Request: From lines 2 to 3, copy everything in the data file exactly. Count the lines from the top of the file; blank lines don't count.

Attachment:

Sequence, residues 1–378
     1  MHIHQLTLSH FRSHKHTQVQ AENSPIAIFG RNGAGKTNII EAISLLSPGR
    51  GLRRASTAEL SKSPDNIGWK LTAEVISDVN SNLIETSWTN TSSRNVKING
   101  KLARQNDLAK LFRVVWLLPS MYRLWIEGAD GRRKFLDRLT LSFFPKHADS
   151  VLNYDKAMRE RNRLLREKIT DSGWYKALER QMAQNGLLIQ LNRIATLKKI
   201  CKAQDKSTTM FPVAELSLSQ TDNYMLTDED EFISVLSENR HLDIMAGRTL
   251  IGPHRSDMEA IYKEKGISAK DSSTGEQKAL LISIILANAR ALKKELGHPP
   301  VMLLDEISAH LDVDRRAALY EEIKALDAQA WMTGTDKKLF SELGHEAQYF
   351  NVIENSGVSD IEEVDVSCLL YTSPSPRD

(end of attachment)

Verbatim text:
     1  MHIHQLTLSH FRSHKHTQVQ AENSPIAIFG RNGAGKTNII EAISLLSPGR
    51  GLRRASTAEL SKSPDNIGWK LTAEVISDVN SNLIETSWTN TSSRNVKING